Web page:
Response to Gun Violence

US Capitol Building.
From the desk of Courtney Geels  

Can we legislate gun violence away?

As the Republican Party candidate for the open Congressional seat in the 4th District of NC, I am deeply saddened and horrified by the recent shootings in the Buffalo supermarket, Texas elementary school, and most recently at a Tulsa healthcare clinic. As a woman raised in the Christian faith and the sanctity of human life, two ingrained truths that I learned are: “Thou shalt not kill”, and the Golden Rule- “do unto others as you would have done unto you”. Unfortunately, it is impossible to draft equitable laws and legislate selfishness and evil out of human hearts. The Second Amendment is a complicated issue in these modern times. It was written into the U.S. Constitution as “necessary to the security of a free State.” If the right to bear arms is infringed, the control of an already too large federal government may grow deeper. However, if nothing is done to address these horrible shootings, a blind eye is turned to the sanctity of life. Neither response is quite appropriate.

In many instances of gun violence, underlying issues that are affecting the offender are usually identified. Many, if not all, mass shootings involve mental health issues. In the case of Tulsa, which hits close to home for me, an emergency room nurse, two major factors were present that can be addressed to prevent similar events. 

  1. The shooter in the Tulsa incident was reported to have severe post-surgical pain. This is far from uncommon. Over the past several years, the overuse of opioid pills has led to national protocols for pain management to decrease addiction and diversion of these medications. Perhaps we have pushed too hard to limit pain medication in the postoperative setting? This is a challenge for all health care providers, who advocate for the comfort and well-being of patients. Unfortunately, people in severe pain may become irrational and even suicidal. My experience of seeing patients like this because of poor pain control suggests that doctors must have some leeway with stringent national protocols to treat individual patients with severe chronic pain. This issue is worsened by opioids and other addictive substances coming illegally across the border. Although securing the border seems like a different issue, they are all interrelated.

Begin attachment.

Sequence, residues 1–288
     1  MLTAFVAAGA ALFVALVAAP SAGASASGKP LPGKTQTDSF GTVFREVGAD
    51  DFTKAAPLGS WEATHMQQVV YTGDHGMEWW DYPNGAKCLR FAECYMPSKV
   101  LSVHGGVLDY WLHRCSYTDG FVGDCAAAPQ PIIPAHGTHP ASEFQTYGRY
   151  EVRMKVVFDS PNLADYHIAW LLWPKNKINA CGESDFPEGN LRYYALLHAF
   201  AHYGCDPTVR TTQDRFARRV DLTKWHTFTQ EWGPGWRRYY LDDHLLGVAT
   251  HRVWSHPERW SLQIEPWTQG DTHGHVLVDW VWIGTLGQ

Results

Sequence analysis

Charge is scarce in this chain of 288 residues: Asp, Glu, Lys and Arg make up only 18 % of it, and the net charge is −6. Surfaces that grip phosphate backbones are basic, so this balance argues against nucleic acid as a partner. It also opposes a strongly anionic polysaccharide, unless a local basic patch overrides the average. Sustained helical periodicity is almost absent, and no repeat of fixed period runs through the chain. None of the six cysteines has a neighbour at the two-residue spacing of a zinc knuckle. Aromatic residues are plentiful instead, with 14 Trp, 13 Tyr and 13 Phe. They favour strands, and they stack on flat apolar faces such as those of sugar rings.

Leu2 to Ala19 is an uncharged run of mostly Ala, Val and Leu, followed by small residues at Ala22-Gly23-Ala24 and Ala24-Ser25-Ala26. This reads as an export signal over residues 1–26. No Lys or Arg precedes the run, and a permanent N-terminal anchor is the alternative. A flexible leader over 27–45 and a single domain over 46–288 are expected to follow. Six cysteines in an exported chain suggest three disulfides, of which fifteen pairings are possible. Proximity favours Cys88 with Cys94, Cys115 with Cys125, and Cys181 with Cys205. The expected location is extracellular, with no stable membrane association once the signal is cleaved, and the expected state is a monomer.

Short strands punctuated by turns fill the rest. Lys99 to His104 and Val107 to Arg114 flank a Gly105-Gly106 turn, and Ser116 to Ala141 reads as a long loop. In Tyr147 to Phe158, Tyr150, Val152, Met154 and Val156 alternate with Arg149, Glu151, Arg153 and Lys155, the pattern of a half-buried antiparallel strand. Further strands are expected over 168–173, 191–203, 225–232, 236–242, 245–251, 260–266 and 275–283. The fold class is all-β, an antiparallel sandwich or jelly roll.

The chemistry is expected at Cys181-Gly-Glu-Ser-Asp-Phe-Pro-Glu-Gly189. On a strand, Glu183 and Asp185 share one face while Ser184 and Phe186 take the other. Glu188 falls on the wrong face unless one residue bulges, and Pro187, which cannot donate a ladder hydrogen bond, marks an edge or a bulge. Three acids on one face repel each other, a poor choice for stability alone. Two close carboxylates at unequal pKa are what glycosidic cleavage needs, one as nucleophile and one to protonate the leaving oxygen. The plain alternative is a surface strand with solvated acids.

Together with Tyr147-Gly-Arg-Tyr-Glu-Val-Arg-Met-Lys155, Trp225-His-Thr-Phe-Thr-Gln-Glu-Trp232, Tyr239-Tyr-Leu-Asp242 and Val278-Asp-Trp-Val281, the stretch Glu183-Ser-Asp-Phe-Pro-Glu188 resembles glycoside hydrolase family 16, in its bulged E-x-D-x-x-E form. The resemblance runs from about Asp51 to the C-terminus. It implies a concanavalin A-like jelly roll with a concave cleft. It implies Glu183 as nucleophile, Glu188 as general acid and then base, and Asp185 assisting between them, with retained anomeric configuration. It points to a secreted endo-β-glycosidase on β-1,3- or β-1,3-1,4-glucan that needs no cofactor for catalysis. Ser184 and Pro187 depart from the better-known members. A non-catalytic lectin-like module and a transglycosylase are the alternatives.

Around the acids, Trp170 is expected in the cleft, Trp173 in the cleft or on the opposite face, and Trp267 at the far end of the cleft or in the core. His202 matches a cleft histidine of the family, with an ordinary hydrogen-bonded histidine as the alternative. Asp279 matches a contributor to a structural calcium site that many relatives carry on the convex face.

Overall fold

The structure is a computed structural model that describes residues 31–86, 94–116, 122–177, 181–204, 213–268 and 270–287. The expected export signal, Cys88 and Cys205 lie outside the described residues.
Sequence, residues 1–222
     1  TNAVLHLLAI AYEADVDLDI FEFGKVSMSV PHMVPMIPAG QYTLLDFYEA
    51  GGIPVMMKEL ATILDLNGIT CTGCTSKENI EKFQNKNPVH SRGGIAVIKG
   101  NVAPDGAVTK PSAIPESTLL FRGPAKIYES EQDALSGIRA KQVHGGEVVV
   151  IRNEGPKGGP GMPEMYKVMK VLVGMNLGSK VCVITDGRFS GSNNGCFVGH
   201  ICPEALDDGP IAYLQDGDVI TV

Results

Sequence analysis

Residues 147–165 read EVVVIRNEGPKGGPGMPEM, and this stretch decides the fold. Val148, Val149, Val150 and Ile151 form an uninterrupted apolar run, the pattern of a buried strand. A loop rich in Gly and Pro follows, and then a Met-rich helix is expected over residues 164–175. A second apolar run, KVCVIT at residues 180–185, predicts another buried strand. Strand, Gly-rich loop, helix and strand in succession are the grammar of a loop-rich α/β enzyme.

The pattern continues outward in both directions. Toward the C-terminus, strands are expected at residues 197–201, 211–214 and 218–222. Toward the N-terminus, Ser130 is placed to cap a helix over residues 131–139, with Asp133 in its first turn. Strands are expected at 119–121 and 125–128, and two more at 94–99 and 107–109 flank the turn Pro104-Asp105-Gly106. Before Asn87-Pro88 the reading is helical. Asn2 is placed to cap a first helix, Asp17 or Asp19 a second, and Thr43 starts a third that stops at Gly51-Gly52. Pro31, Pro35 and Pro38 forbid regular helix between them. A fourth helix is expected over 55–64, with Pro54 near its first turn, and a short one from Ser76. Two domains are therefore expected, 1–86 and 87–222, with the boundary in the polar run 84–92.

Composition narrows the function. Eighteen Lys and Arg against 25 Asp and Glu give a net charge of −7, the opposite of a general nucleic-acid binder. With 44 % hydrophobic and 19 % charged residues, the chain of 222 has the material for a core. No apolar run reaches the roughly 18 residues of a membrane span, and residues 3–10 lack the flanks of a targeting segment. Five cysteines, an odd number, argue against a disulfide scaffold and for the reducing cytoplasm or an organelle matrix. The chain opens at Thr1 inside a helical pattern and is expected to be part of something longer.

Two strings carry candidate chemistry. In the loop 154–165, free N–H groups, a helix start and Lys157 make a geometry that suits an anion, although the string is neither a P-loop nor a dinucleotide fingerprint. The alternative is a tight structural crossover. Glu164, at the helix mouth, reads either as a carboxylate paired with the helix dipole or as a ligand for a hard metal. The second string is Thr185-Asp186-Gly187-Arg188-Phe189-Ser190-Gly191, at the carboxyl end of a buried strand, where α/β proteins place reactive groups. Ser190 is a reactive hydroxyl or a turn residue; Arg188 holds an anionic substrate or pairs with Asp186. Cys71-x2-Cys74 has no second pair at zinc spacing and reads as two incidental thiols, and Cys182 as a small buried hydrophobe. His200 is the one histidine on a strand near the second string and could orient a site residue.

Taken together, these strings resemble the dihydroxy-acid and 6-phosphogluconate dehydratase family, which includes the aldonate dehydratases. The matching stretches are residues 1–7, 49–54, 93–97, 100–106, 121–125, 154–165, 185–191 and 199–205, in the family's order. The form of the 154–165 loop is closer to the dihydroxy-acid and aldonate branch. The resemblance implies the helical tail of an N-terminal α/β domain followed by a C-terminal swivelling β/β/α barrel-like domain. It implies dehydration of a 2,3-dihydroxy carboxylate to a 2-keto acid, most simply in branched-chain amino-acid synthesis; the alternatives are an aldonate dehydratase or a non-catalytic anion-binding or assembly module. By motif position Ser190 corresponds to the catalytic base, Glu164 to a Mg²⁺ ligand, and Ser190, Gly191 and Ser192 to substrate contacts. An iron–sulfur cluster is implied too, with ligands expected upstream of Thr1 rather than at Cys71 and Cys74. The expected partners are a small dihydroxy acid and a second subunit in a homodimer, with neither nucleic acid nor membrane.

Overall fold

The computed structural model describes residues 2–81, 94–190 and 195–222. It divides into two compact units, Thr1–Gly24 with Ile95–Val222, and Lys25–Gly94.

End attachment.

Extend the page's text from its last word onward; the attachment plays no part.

2. In many heart-breaking stories of gun violence, serious psychiatric problems are noted in the shooter. One of my beliefs is that these shootings are directly related to the heart and mind of the shooter. Many studies report that over 55% of gun related deaths in America are suicides. The exponentially growing need for mental health care in our country must be addressed. Many psychiatric needs of patients go untreated due to underfunding and lack of access to mental health facilities and providers. My personal experience has seen that patients often wait days, and weeks in the ER for placement at appropriate acute and long-term facilities. Frequently there is a lack of insurance for those with serious mental illness, and psychiatric care should be included as preventative medical care. As a nurse and your congresswoman, this will be a non-partisan issue, to include mental health evaluations with well-patient visits. Perhaps, some of the “psychotic breaks” seen so publicly could be decreased? Children and teenagers should receive counseling as needed to prevent horrible decisions they can’t take back. More acute and long-term care facilities are needed for those who are already enduring mental illness. Perhaps another precaution that can be implemented, is any young adult between the ages of 18 and 21 would undergo the usual background check; However that background check would include previously hidden juvenile records up to age 21. Right now juvenile records are sealed, and this extension of background checks could prevent immature adults with criminal history from purchasing a firearm.

It is certain that good and evil are at odds every second of every day throughout the world. Society is charged to control some of that chaos by law. Many laws that are changed or created may have unintended side effects.  Having so called “gun free zones” at schools and medical facilities, is simply not effective, and may place those settings at a higher risk for attack.  A person with an amoral heart planning an evil deed may realize there is no line of defense to cross.  As your congresswoman, I will advocate for funding for safety officers at any facility that already receives federal monetary support. States should be encouraged to consider ways of employing retired law enforcement officers and military veterans to help with security in these soft target areas.  It seems to be naive to assume that teenagers and disturbed individuals will leave these places alone. The vulnerable in our society must be protected. We also must protect the checks and balances on the Federal government.

My upbringing in school and church in Hillsborough taught me to treat others as you would like to be treated. We seem to have lost this basic tenet of society in our country. We have lost it in dialogue with friends, family, and co-workers. We have lost it in our actions as adults. Perhaps a renewed emphasis on the family and Biblical principles should be the important reaction to gun violence in our country. 

Thank you,

Courtney Geels